Facebook may be the most reviled company that enjoys nearly 100% market share.
There’s no shortage of noise in the blogosphere about the myriad of ways our constant connectedness is ruining our lives:
• more stressed,
• more vain,
• more superficial,
• more sedentary,
• more lonely,
• more jealous, and
• less able to live in the moment,
...so the arguments go.
And these concerns are not without merit.
I live in St. Louis – about 30 miles from Ferguson, Missouri, recently the center of national attention following the killing of Michael Brown by a police officer.
I see firsthand how social media has become the platform for community involvement and support, as well as political voice.
Another friend suggested that our monthly Girls Night Out be held at a Ferguson venue to support the local businesses.
Social media arguably enlarges our definition of community.
No longer is my involvement limited to the people I see every day. I feel more part of my city, my country, and my world.
• Last week I joined a running group started by a woman in my network.
• One of my friends started a group for our friends to help us track and stay accountable for our fitness goals - the punishment for failure is posting an embarrassing video of yourself singing to your whole network.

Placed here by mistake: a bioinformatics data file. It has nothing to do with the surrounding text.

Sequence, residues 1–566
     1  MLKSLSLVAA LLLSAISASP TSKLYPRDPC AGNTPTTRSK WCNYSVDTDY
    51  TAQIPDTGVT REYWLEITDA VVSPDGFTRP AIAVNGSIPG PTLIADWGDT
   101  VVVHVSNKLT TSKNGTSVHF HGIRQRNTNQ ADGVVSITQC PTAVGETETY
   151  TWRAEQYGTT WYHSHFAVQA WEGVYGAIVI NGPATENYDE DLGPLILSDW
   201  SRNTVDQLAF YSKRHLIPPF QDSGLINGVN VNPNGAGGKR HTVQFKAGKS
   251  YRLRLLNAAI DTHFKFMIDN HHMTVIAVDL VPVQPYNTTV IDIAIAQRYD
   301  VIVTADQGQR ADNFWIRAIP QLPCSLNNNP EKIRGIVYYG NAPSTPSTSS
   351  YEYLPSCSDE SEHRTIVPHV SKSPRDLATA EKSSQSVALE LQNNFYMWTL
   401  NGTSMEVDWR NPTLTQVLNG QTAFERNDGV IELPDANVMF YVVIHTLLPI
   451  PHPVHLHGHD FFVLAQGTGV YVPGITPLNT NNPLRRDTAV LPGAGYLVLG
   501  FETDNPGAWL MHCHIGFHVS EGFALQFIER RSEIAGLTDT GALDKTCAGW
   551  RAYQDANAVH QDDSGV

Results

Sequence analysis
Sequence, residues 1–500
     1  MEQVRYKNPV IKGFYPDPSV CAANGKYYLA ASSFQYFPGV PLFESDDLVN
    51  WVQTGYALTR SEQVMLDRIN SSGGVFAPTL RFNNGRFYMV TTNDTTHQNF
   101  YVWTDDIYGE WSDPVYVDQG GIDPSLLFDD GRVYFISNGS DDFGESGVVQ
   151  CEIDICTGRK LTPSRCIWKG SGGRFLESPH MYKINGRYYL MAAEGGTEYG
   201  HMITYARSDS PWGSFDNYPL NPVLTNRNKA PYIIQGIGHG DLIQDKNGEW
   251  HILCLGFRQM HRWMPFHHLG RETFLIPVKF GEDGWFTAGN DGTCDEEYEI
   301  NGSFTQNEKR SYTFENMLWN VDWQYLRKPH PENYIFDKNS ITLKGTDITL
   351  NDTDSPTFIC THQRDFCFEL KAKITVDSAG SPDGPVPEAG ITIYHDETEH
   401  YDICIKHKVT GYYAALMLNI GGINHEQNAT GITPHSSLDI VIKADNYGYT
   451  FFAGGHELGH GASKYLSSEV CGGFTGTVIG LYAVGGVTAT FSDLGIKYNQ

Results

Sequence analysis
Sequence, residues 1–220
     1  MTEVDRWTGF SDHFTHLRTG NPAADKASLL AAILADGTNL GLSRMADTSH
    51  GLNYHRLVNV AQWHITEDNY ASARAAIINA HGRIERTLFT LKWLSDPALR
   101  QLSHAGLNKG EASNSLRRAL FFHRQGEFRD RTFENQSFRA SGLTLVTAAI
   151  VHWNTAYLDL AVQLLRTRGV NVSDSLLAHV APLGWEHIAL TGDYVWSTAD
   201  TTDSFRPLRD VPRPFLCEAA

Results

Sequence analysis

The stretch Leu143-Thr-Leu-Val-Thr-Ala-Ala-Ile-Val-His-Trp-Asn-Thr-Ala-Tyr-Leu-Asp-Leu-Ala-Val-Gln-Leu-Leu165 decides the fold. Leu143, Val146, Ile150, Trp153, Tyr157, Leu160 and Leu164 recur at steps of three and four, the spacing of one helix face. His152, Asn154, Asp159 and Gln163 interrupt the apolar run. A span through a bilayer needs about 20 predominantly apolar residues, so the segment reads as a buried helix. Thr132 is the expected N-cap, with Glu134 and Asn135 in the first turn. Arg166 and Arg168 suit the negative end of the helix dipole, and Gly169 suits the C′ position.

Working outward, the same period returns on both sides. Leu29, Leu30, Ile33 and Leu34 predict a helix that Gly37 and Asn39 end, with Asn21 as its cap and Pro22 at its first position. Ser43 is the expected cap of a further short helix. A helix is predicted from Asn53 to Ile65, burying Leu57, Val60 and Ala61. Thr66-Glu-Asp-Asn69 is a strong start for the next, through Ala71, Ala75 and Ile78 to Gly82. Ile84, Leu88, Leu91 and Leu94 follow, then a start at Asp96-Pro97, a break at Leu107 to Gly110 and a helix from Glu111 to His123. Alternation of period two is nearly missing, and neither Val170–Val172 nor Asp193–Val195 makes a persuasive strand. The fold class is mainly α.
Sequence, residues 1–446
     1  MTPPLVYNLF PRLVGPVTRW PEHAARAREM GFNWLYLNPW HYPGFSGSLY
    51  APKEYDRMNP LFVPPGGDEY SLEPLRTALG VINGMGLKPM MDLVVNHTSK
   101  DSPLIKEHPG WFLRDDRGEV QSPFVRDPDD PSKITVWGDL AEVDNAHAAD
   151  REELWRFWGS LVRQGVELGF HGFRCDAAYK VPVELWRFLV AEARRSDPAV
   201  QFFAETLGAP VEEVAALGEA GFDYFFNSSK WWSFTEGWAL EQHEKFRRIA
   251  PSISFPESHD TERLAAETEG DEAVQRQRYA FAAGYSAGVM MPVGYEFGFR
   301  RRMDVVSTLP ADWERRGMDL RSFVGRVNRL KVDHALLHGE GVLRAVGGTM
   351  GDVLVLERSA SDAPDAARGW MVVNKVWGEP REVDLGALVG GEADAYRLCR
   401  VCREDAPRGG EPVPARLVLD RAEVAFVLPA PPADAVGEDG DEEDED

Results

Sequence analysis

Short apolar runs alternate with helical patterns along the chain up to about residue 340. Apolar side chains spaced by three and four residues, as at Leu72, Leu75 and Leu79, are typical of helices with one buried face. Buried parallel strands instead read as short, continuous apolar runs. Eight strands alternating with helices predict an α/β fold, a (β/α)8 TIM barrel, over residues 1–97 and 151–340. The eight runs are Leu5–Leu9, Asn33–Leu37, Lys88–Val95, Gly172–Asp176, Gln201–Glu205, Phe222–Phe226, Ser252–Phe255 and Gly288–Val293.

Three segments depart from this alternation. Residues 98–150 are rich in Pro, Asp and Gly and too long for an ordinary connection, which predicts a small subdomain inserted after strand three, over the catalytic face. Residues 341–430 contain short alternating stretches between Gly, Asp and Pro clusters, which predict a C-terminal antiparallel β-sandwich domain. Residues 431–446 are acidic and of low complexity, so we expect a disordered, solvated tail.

• I frequently see my friends posting on Map My Run or posting their successes completing athletic events, which in turn inspires me.
• I'm part of a recipe share group for mothers that recently posted some healthy winners like quinoa skillet burritos and green smoothies.
As discussed earlier, I'm more aware of all of the communities in which I exist and feel more sense of ownership in giving back to them.
How many of you thought about ALS more in the last month than in your entire life - and backed those thoughts with actions?
Facebook has been a forum for both emotional and tactical support in my life.
I am part of:
• a breastfeeding support group,
• a money-saving-tips group, and
• a mother support group.
Even the cheesy inspirational quotes that get circulated are sometimes exactly what I needed to hear that day.
Like anything else, the key is moderation.